Written by Carcassbomb
- Acts Of Repentance
- Black Metal
- Perth, Australia
- March 20, 2020
- Transcending Obscurity Records
Alright, what is in the bloody water over at Perth? The amount of bands coming out of there at the top of their game is intense. It’s unlike anywhere else on the continent, and now they have Wardaemonic who are even on my favorite label, Transcending Obscurity. This label has good taste, almost every album that gets released there has some kind of quirk or progressive music ideology that separates the bands from their genre.
This isn’t just another black metal album, it’s an experience equally capable of being a mosher and a thinker. It unravels unto your mind and stirs something in your soul. Acts of Repentance releases on the 20th of March and will be one of this year’s highlights just based on the sound and presentation combination happening here. It’s a high quality and well-rounded album.
The two strongest aspects of this album is the vocals and the drumming. The vocalist is a higher pitched screamer that sounds like they could just as easily be in a hardcore band, there’s a sense of cross disciplinary vocalisation that synergises well with the rhythm of the music. Kind of like Cradle Of Filth where the vocals and melodic guitar parts unify in a satisfying way, but add some elements of metallic hardcore like Chamber or old Code Orange for a more concise edge to it all. I’m not saying those are good comparisons musically, I’m speaking more to the primal yet poetic nature of it all.
There’s also lower gutter vocals that usually have the highs layered over the top, I really enjoy those moments. The vocals fit into the song writing in such a way that perfect moments will come out of a build up – there’s just the right emphasis in the right position and it changes everything, giving energy to the listener like a call to action. There’s a lot of vision that isn’t clouded by the established rules of black metal as a genre – instead being able to see beyond it to create a unique heavy album with a consistent tone.
The drumming is great, I don’t know exactly what it is, perhaps a combination between tone and technique. There’s times where the drums are more inconspicuous behind the wall of riffs, and other times where they feel responsible for the majority of the momentum. The drummer can start tracks, end tracks or have a solo breakdown. There’s no limit for them, there is nothing they cannot accomplish within the soundscape, it feels as if the drummer is completely free and in their element. Straight roaming the album.
There’s a lot of versatility behind the kit on this one that generates a huge punch when needed as well as a flurry of little punches to accentuate moments where other bands don’t see opportunity. I don’t know how much sense that makes, I’m not a drummer myself but listening to this makes me wonder why I don’t hear more drumming like this on other black metal albums. They’re like crisp modern death metal drums.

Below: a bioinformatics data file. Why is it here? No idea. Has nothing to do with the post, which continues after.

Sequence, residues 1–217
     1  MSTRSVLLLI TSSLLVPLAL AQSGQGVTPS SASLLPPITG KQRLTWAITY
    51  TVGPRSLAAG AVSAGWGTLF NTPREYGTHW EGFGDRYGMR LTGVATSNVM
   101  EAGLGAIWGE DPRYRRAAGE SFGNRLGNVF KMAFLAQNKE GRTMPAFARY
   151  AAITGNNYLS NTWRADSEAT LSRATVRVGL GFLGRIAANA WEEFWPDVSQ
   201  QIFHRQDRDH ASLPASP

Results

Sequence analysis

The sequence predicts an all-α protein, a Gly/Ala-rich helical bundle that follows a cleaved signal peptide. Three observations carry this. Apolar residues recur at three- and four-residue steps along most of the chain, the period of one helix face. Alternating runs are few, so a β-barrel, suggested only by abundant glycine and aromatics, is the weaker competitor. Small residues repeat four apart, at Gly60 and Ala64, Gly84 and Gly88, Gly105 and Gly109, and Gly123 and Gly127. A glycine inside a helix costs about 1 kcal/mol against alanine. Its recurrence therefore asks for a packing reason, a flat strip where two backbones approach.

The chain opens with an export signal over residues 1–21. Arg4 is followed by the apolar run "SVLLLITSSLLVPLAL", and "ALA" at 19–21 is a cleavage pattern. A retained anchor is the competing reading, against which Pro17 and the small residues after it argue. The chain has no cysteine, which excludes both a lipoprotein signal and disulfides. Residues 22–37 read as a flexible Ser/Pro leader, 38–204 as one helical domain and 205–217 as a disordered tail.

Guess what? The vocalist and the drummer are the same person. There ya go, makes a lot of sense now.
That’s not to say the guitars and bass aren’t worth a mention. They are, after all, the basis of the sound through which the vocals and drums channel their playfulness. They get a decent amount of focus too with the bass lines chugging through audio samples or spiralling with the lead guitar licks. Acts of Repentance is a strong album with no weakest link, everyone is playing together and furthering their individual crafts at the same time.
Even the synth programing is done with a level of nuance that other bands lack, all the time I’m hearing symphonic black metal over do it, essentially being the little brother button mashing the controller in Street Fighter. Wardaemonic have done it so sensibly that it’s not a defining aspect of their identity but it does bring an extra layer to their sound when they need it. It’s hard to pigeon hole them into any specific category of black metal, they’re just black metal. Undeniable yet different.
This all gets tied together by great presentation with the album art and the story being broken up into 5 longer acts. The artwork comes from French artist Leoncio Harmr who also did the cover of Come The Tide by Eternal Storm. Their style is a clear indicator of a future heavy hitter in the metal art world, blending technique and aesthetic in such a way that sells physical media and makes for a memorable digital presence.
Overall, it’s another great release out of Australia and from Transcending Obscurity. Wardaemonic has challenged themselves and black metal with this record and it’s paid off. This is my entry point into the band and it has certainly cemented them on my radar here on out. The album ends in full strength, still finding ways to impress or surprise even in its final moments. There’s no fat and no filler, only a throughline of creativity and brutality that serve each as each others masters. I was really truly starting to get over black metal too so it’s good timing that this album found me.